Rob: We're glad to take any concept if it seems fruitful. I think we try to just do things as they come to mind. Like any bands you go through a whole series of evolution's and different frames of mind and if you manage to all be together at the end of the cycle and the beginning of the new cycle it shows a pretty serious strength and determination. I think this is what has brought us through so far, that we all want the same thing. It's just something that we want to do and now having Cath for that tour was different. but we had to just go on and tour without her. We hadn't done a tour without Cath since she started doing stuff with us which was back in 1991 I think, so it was pretty weird. Live when you're used to playing with people you get used to a feeling from a person and I think that's important to the spirit of the group.
Cath: It's like a musical family because everyone's got a different flavour to add to the recipe
Rob: It doesn't seem like a long time to me. People say it's been 10 or 15 years and you think it's a bit disturbing. When I listen to what's going on around me I just think yeah, lets do a new track and make it feel fresh.
Cath: It feels fresh every time. If we were getting
bored with it and it wasn't grooving anymore and we weren't grooving on
it then we'd actually stop, but that hasn't happened.
Q: Are you producing other artists in the studio at
Rob: Not really at the moment. I've toyed with the idea a few times, but I don't think we've really entertained the idea too strongly. I think it's because we've always been focused so strongly on what we've been doing, that we've really only done a few remixes and stuff like that. The thing with producing is it's down to the people you're producing and whether they're a bit half-hearted when it comes to being down in the studio. You just end up thinking I don't think this is going to go anywhere because if they haven't got it I can't give it to them. It's quite rare to find a group that single-mindedness to dedicate themselves to it.
Q: What are you listening to at the moment - contemporary
stuff or old skool
Cath: I'm listening to Felacuti at the moment - just stuff like that really
Rob: It's great when you go back and listen to
old tracks. When you hear a beat come on and if you're not looking at the
DVD that's playing you're thinking god that beat just sounds really good
man. And because so much of today's music has actually been drafted lots
of old feels, even drum and bass you can hear that they've got lots of
their ideas from Brazilian Funk Flavours. I think it's important to keep
your feet rooted in that history of brilliant, while at the same time checking
out what people are doing now because there's so much good things going
on. Like this guy called Cage who's doing some nice stuff and there's some
pretty vital sounding music in that, it's just that it's not very commercial.
Because we DJ a lot as well it's good to keep in touch with all the different
sort of music and the different sounds that people are making because it
makes you want to make a new record that sounds different.
Q: The thing with the Stereo MC's is whatever influences
you take in, it still sounds like the Stereo MC's
Rob: Well everybody says that and it doesn't matter how hard we try to do things differently. When we do a track that we think sounds totally different people still think it sounds like the Stereo MCs. I think one day i'll be going i'm glad we didn't lose that essence of what we are, because we have changed what we were doing quite a lot. The way we work and the methods we work with and the way we write. We've changed everything, but I guess it's a feel and because we started off in a very basic manner where we didn't have Akai's or didn't have time code and we used to start the beat off with our fingers and loop beats off turntables and spend 12 hours a night to make a rhythm track it gives you a feel that you try to humanize with your grooves. Maybe you just don't lose it.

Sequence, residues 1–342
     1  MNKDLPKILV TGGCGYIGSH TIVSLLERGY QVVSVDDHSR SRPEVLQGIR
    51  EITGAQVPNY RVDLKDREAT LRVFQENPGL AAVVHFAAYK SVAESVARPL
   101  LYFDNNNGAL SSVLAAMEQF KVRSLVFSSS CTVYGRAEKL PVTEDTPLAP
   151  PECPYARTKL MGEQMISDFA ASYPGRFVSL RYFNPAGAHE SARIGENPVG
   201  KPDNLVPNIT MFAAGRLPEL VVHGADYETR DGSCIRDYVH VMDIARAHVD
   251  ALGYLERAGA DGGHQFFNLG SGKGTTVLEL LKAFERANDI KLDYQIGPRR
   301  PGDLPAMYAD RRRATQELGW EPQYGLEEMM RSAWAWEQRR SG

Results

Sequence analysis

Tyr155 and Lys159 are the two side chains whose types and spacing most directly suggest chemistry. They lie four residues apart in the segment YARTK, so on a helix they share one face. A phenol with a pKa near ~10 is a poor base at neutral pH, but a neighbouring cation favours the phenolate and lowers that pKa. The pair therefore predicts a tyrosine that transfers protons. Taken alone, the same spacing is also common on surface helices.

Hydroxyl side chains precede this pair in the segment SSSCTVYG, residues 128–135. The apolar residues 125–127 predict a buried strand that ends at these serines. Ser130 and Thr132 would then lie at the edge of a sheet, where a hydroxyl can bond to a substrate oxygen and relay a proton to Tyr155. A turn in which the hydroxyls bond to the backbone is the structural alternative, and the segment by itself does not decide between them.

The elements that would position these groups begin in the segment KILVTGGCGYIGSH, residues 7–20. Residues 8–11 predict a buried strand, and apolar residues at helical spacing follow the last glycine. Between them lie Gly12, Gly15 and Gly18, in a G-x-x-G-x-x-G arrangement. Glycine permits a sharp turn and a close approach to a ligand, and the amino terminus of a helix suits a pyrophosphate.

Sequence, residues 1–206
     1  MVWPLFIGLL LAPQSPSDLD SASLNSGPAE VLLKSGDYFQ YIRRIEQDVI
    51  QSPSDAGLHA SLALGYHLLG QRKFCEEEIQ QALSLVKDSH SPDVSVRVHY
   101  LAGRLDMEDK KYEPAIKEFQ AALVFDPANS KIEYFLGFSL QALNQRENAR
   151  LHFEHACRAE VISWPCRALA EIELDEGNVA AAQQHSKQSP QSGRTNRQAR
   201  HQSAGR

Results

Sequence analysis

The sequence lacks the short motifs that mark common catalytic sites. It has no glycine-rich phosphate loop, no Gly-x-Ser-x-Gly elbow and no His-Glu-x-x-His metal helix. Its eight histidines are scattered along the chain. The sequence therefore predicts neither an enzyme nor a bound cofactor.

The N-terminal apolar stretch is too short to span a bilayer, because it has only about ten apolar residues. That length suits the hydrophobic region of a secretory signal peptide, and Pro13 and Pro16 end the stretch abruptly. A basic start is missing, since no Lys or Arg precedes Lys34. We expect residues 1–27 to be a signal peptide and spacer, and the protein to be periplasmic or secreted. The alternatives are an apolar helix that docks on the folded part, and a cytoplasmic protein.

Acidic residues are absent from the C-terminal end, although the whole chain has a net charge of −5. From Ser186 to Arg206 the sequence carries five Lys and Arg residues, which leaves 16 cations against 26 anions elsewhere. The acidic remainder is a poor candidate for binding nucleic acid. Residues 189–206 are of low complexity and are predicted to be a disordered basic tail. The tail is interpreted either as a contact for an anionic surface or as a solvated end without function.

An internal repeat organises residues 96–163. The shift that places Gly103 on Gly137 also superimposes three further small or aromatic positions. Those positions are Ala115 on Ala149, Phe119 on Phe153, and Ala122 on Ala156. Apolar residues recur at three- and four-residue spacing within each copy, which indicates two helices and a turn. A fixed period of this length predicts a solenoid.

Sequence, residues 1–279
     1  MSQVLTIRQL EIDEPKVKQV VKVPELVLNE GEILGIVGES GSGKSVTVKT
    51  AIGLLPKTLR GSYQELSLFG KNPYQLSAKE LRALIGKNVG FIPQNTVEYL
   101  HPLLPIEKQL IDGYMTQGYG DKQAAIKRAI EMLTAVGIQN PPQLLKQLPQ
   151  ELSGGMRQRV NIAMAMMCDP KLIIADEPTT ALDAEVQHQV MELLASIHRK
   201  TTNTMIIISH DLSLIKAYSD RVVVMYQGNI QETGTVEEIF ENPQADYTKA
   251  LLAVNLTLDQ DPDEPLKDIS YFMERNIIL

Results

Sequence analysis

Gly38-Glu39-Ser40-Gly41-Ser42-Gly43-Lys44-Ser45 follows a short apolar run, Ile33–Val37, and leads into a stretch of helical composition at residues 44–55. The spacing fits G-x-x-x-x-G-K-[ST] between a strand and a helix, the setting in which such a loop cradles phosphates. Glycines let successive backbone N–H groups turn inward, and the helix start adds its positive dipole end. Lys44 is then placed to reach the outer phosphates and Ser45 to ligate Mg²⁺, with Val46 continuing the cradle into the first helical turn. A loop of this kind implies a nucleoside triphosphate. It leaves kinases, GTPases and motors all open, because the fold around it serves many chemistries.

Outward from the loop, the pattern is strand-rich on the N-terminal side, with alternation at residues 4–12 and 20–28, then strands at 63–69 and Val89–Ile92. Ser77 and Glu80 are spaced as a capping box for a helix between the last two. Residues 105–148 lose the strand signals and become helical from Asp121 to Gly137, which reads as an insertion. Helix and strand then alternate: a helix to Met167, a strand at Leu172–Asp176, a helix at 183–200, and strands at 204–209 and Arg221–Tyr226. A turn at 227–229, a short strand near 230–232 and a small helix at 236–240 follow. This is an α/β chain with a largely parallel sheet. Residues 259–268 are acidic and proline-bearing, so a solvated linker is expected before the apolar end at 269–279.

It's a bit like a guitarist has a style and it doesn't
matter what new guitar he plugs in he'll still have that style. And the
same with a singer. And also I guess because we've got a vocalist who's
always been in the band, always done the lyrics and always been the main
vocalist you can't really get away from the fact that we were the Stereo
Q: I guess it is good though that you've kept that
sound rather than doing a Dr Dre or Neptunes sounding record to keep up
with the times
Rob: We have experimented and listened to other people's beats thinking how do they do that. So you try and do it and it just doesn't work. I think it's when you unconsciously start ravelling things for yourself, not trying to hard and really just get going and do loads and loads of stuff. That's what I like about those guys stuff. You listen to Dre's beats and they're just effortless grooves.
Cath: That's what you can say about your stuff though. Each record has different flavours. This record is a lot different than the last, but it's still got your stamp on it. It's a groove that you can dance to and I don't think that many people, in this country at least, have a groove.
Rob: I think that sometimes we can feel a little
isolated, but because we've got new management they really do encourage
us to go out there looking for people to collaborate with. Their philosophy
is to go out there and do anything different to what you've already done.
That's what we intend to do on the next bunch of tracks really - work with
as many different people as we can just to open our horizons a bit more.
We don't want to stay in one place. I actually think there's loads of people
doing good beats. I think it's just a matter of a chemistry really and
feeling a vibe for a song. I think people are a little too worried about
their reputations in England, they're all should I work with them or not.
Like we did some work with Shaun (Ryder) you know and he came down the
studio and we work with people on that sort of level where's it's just
let's try something.
Q: What's the plans for the rest of the year?
Rob: We're touring and going in the studio. We're trying to keep both things going simultaneously. We're just getting our heads around getting started on the next album and we want to give ourselves a kick up the arse to get going. Touring can take a lot of time so we want to get ourselves set up so we can keep going even if we're on the road too.
"Paradise" is out now
The band are currently touring Europe throughout the Summer
For more info on the Stereo MCs
Click here to leave your Stereo MCs comments on the Message Board
(NB: The message board opens in a new window so please disable your pop-up blocker to view)